New Historian

Congenital Anomalies Point to Neanderthal Inbreeding

Neandertal Skull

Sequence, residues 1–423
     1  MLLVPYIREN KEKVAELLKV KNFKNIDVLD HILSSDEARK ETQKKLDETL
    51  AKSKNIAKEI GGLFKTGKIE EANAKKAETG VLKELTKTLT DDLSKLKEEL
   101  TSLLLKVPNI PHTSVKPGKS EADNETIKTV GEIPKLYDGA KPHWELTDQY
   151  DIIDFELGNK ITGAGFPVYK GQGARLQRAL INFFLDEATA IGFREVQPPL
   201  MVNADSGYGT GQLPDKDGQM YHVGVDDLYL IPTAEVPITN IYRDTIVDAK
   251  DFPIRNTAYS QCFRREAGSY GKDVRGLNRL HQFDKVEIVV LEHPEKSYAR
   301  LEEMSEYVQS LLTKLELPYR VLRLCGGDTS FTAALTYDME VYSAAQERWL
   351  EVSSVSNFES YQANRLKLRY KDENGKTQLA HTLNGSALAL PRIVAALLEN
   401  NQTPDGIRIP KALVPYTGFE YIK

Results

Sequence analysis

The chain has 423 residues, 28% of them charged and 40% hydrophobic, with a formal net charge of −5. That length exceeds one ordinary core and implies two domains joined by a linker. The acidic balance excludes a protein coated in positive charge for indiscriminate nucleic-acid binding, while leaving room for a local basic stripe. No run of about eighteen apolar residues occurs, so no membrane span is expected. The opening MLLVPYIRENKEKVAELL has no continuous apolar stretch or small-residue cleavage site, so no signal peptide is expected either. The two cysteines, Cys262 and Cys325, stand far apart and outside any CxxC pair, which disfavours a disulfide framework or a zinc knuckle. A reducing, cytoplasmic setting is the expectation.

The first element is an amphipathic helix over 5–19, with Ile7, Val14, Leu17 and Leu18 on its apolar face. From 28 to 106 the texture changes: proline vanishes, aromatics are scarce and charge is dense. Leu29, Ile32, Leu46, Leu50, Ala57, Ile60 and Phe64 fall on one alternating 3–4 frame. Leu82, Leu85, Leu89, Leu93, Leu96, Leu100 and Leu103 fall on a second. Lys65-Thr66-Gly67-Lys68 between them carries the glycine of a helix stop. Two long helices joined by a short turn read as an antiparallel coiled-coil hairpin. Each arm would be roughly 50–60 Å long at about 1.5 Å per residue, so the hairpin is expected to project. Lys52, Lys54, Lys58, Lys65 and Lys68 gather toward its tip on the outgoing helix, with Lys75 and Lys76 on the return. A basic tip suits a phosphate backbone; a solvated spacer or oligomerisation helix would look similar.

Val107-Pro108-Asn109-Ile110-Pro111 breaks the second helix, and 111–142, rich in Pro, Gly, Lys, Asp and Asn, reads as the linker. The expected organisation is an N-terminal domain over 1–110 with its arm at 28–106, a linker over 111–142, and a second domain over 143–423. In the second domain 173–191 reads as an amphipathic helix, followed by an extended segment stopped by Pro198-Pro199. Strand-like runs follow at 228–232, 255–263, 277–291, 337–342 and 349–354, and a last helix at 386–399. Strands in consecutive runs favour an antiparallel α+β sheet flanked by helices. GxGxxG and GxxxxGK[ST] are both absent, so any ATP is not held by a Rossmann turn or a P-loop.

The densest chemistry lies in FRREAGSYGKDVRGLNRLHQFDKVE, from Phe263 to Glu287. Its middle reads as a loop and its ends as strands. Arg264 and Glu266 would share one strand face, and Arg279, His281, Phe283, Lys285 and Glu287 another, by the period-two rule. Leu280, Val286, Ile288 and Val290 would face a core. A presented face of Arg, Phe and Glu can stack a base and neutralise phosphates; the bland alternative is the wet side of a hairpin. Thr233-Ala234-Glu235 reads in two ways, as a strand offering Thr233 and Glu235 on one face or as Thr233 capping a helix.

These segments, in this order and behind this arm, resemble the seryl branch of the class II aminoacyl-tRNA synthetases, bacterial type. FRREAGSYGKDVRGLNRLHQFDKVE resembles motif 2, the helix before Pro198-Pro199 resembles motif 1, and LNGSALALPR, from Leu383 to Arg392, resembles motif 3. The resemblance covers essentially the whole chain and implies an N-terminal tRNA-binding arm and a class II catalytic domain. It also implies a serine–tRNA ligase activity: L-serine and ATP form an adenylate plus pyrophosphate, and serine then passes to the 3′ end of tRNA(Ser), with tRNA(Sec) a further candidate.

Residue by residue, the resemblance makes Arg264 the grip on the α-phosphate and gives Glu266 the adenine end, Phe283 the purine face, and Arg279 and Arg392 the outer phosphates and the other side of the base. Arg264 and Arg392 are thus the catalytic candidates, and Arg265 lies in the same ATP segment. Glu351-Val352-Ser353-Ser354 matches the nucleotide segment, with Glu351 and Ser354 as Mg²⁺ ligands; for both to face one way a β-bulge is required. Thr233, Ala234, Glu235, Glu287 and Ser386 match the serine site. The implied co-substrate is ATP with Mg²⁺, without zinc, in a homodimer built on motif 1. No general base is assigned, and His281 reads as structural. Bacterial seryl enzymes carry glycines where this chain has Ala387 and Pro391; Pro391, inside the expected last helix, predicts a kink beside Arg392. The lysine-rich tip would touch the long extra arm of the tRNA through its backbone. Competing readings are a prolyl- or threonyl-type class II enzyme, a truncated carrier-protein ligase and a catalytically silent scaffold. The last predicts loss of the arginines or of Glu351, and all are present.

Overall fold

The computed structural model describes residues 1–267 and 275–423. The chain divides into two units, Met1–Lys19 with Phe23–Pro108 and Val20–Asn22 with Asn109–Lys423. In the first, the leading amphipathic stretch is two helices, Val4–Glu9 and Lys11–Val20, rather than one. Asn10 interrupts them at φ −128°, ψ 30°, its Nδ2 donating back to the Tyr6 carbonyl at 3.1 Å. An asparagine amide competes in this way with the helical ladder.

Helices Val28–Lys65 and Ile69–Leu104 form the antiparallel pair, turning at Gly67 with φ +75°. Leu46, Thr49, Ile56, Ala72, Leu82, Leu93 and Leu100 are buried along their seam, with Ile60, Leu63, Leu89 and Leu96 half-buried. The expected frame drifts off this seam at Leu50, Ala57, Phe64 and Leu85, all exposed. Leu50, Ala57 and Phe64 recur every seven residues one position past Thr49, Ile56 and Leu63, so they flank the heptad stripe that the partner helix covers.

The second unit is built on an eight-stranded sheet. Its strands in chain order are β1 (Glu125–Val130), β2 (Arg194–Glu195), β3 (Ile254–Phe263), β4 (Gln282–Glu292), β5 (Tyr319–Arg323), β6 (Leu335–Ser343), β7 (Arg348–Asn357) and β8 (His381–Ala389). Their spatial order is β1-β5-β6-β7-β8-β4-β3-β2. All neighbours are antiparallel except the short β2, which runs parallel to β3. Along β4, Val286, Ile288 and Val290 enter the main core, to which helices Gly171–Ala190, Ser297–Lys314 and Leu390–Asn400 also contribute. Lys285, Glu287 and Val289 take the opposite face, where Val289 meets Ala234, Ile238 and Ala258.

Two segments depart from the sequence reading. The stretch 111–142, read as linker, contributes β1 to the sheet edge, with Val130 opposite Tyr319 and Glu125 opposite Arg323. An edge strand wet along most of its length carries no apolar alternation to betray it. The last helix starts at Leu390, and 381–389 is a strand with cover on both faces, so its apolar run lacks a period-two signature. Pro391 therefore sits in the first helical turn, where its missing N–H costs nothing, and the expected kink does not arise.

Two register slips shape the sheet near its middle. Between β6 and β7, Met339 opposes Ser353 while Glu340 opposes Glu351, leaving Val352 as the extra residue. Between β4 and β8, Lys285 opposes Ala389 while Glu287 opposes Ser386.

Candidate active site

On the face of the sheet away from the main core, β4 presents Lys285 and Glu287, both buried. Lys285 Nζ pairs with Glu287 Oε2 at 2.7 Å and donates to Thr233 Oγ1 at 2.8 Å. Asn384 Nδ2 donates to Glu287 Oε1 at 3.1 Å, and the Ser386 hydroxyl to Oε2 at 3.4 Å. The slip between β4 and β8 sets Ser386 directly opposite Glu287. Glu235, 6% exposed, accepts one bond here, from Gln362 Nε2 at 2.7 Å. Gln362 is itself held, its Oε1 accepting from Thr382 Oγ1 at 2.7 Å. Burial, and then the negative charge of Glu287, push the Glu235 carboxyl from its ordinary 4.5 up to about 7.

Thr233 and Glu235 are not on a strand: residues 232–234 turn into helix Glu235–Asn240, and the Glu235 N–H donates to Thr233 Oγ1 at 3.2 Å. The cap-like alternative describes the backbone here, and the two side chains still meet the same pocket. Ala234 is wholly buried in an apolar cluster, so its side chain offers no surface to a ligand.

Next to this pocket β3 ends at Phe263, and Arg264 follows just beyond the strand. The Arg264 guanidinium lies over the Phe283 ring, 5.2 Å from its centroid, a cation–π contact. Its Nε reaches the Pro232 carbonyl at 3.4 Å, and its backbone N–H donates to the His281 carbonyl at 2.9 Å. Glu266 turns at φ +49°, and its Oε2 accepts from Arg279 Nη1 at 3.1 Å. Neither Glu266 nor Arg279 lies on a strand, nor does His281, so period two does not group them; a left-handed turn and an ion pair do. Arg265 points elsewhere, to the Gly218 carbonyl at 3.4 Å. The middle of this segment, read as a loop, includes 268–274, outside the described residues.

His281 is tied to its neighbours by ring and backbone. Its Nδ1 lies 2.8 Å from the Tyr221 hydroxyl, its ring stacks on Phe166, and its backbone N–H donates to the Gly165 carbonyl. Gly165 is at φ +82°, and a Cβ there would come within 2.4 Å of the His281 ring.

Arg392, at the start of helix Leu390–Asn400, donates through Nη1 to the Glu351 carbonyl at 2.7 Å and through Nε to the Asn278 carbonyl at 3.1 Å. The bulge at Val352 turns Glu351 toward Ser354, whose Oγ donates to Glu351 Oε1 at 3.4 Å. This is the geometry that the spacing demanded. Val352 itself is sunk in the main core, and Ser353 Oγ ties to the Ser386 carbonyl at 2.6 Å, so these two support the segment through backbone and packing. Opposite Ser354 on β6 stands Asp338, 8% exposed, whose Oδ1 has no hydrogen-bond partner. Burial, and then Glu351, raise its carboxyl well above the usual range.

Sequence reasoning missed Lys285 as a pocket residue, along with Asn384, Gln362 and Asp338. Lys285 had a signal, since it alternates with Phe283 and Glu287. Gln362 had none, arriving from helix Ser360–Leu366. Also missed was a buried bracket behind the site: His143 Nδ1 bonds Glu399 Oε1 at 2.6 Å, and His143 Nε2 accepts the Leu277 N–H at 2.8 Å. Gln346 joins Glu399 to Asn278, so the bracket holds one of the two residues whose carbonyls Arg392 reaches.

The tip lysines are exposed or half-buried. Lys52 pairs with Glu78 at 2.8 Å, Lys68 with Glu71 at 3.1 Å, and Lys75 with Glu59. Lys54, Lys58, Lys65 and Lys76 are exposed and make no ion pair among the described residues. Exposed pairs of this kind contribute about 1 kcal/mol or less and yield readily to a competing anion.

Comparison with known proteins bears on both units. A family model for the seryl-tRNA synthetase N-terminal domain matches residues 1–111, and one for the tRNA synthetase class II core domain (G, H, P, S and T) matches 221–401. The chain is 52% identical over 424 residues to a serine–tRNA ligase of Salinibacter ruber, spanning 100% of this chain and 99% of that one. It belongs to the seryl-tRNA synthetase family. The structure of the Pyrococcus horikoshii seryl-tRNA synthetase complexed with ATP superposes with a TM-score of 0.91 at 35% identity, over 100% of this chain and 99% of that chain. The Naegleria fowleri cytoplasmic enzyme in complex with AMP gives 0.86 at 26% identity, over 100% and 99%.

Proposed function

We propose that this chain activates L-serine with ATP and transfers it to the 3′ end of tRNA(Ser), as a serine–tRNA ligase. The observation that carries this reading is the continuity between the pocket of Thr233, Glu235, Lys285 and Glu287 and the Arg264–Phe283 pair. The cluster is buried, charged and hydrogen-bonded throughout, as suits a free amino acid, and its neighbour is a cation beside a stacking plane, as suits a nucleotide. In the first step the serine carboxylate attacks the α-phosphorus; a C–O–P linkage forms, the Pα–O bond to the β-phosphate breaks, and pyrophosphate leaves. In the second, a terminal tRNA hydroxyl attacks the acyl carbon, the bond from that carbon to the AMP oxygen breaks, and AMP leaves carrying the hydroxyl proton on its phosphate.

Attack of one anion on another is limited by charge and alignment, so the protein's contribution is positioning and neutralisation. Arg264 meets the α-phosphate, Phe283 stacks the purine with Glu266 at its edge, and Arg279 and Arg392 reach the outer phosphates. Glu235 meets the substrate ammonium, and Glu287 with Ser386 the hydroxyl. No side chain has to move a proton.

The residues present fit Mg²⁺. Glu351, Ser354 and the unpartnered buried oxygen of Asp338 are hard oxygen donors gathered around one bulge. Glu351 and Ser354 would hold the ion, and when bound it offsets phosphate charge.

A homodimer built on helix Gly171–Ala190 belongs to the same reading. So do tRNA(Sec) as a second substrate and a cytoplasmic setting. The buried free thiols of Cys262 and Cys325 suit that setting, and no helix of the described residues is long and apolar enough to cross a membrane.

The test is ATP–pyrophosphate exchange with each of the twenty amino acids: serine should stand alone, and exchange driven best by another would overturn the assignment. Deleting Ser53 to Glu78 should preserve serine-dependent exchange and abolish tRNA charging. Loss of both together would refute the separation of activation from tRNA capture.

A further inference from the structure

<![CDATA[For the first time evidence has been presented of cases of congenital clefts of the arch of the atlas in Neanderthals. The abnormality, which is exceedingly rare in humans, affects the joint between the top of the spine and the base of the skull. The developmental anomaly is usually caused by a failure of the anterior arch to fuse during the ossification process. Typically, the defect has no clinical ramifications for humans, but a host of anthropologists and biologists have argued that the presence of such congenital skeletal anomalies can be used as a marker of inbreeding or endogamy. Providing a useful insight into Neanderthal habits, the new study has the potential to help develop the story of their decline and eventual disappearance. Published in the online journal PLOS ONE, the study analysed Neanderthal skeletons from the El Sidron site in Northern Spain. Of three sets of remains which were possible to examine from the site, two of the atlases exhibited congenital clefts. The first demonstrated a cleft of the posterior arch, an ailment present in between 0.73% and 3.84% of modern human populations, while the second had a cleft of the anterior arch, present in between 0.087% to 0.1% of modern human populations. El Sidron is an ancient cave in the Pilona municipality of Asturias. First discovered in 1994, the 600 metre long cave contains an assemblage of over 2,400 fossils which have been dated to 49,000 years ago. A minimum of thirteen Neanderthal individuals have been identified in the cave, including seven adults, three adolescents, two juveniles and one infant. The study's lead authors, Luis Rios and Antonio Rosas, used the binocular lens and Environmental Scanning Electron Microscope at the National Museum of Natural History in Lisbon, Portugal, to analyse the areas of interest on the Neanderthal bones. Conventional radiographs were also taken of the three Neanderthals. As a means of comparison, the same tests were also carried out on a range of modern human skeletons dating from the eleventh to the seventeenth centuries. The results of the study provide demographic information about the neanderthal community which lived in the area 49,000 years ago, especially when taken alongside the results of earlier studies of dental anomalies in the same remains. "Based solely on the findings for the atlas presented here and on the previously reported cases of dental anomalies the number of individuals from El Sidrón presenting congenital conditions would range from a minimum of two to a maximum of four." This presence of anomalies associated with close, familial relations suggests that the Neanderthal community of El Sidron was built on either endogamy or inbreeding. "The observation that at least two out of three observable atlases present low frequency congenital anomalies supports previous genetic and dental evidence from El Sidrón indicating that these Neandertals constituted a group with close genetic relations." As scientists continue to struggle to explain why the Neanderthals disappeared, this latest study provides some useful additional context to the developing idea in paleogenetics that around a million years ago a decline in Neanderthal population led to them becoming increasingly isolated. "The congenital clefts of the atlas from the Neandertals of El Sidrón would fit this broader scenario for human population dynamics during the Pleistocene. Specifically for Neandertals, as recently summarized a similar general picture emerges from recent advances in paleogenetics, which posits a long-term small and decreasing population size sometime after 0.5–1.0 million years ago, with reduced and isolated groups. The consequence would be increased inbreeding at times." The study authors acknowledge that the clefts could also be the result of environmental conditions. Through further analysis of other Neanderthal remains for similar congenital defects, greater insight into Neanderthal families and communities could be possible. For more information: Image courtesy of Wikimedia Commons user: 120 / V. Mourre ]]>

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